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Handhelds Communications Hardware

Here Comes iPhone Nano, But Not In the US 177

Posted by ScuttleMonkey
from the rampant-speculation dept.
jehovajerieh writes to us in the time-honored tradition of rampant Apple speculation, pointing to an article over on IBTimes suggesting that while the iPhone Nano may be on the way, the US might not be the first to experience this gadget bliss. "Despite limited information in the supplier channels and typical secrecy with new Apple products, insiders have confirmed that the iPhone nano is not yet in the testing labs at AT&T, Marshal says, leading him to believe that the launch will most likely be with a non-US carrier. 'Obviously, the best-case scenario here would be a China launch (~600mil+ wireless subscribers total in the country), but we have no definitive knowledge of this and are working on identifying the [locale] of launch and other pertinent details,' he said."
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Here Comes iPhone Nano, But Not In the US

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  • by Anonymous Coward on Monday January 12, 2009 @04:25PM (#26422403)

    Pure speculation. Is this a slow news day?

  • Re:ScuttleMonkey (Score:5, Informative)

    by evanbd (210358) on Monday January 12, 2009 @05:01PM (#26422941)
    Yes. Your user screen -> preferences -> authors. Uncheck the box of any you don't want to see.
  • Re:Who cares? (Score:3, Informative)

    by e2d2 (115622) on Monday January 12, 2009 @05:08PM (#26423031)

    This is something every mobile developer should already know and prepare for - alternate viewing resolutions. I know I do. Just like a windowed application one can determine the proper display format based on system information and adjust the display accordingly. IMHO It's not a huge hurdle for development, more like a tiny speed bump.

    Yes it's tricky making apps on really small screens. Welcome to mobile development.

  • by samkass (174571) on Monday January 12, 2009 @05:08PM (#26423035) Homepage Journal

    Actually, a lot of iPhone apps would auto-scale to any resolution. Interface Builder defines the way panes adjust when the window size changes. It's the 3D games that will likely have to change if they've hardcoded frame buffer sizes, but even those should be a quick port to alternate dimensions. It's kind of inevitable that Apple will release an iPhone-like device of different screen dimensions, and they're pretty well-prepared for it even if perhaps it won't run EVERY fart-noise generator on the market from day 1.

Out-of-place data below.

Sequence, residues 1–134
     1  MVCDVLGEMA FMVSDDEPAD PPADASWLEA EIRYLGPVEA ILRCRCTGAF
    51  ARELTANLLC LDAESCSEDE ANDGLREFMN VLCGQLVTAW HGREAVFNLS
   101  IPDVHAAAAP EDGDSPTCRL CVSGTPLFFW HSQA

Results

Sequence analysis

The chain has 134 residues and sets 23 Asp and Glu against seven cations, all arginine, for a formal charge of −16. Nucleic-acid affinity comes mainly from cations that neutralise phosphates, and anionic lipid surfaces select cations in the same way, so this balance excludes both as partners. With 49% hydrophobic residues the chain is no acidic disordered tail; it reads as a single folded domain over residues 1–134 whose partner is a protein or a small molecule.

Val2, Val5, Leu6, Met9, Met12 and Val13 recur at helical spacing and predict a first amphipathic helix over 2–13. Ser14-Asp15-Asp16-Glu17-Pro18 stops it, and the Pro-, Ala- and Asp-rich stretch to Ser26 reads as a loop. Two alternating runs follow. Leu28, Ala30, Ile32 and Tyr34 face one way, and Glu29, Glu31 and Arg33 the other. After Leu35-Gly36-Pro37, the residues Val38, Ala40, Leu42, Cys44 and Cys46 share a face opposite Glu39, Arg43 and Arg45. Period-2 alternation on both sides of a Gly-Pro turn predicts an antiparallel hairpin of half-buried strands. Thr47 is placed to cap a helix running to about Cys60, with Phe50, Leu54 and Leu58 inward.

• Re:ScuttleMonkey (Score:3, Informative)

    by thePowerOfGrayskull (905905) <marc.paradise@g m a i l . c om> on Monday January 12, 2009 @05:14PM (#26423097) Homepage Journal
    Annoyingly, those preferences don't work for the RSS feed...
  • by moosesocks (264553) on Monday January 12, 2009 @06:41PM (#26424447) Homepage

    Are you serious?

    I sincerely doubt that most people are purchasing iPhones because it's a fashion accessory. I'm sure there are those who are, but that's not the point.

    The iPhone is a Blackberry for non-business types. It also offers a number of innovations that are genuinely useful, and not available anywhere else (a web-browser that doesn't suck, a media player that actually integrates well into the rest of the phone, and visual voicemail to name a few)

    I don't own one. I'm locked into a contract with Verizon, and even if I wasn't, I still couldn't afford one. However, I'll gladly acknowledge that the iPhone's feature-set is extremely attractive. The fact that it's rather slick-looking is just icing on the cake.

  • by lymond01 (314120) on Monday January 12, 2009 @08:03PM (#26425103)

    I'll agree here. While the iPhone interface is better than anything out there by a million miles, I can see that if it has incomplete Exchange integration it would be a problem for "business users". I'm an IT guy at a university -- the iPhone is just about my perfect sidekick:

    - IMAP Email (I don't use Exchange)
    - Wifi for web access (look up stuff from the server room)
    - SSH client (I paid $5 for it)
    - Phone in place of a pager

    I honestly didn't care what it looked like, but the large screen sort of limits it to big and flat. What sold me in the end was its usability -- the interface is clean, user-friendly, communicative. Way better than the RAZR I was using, even though the features overlap (except for wireless).

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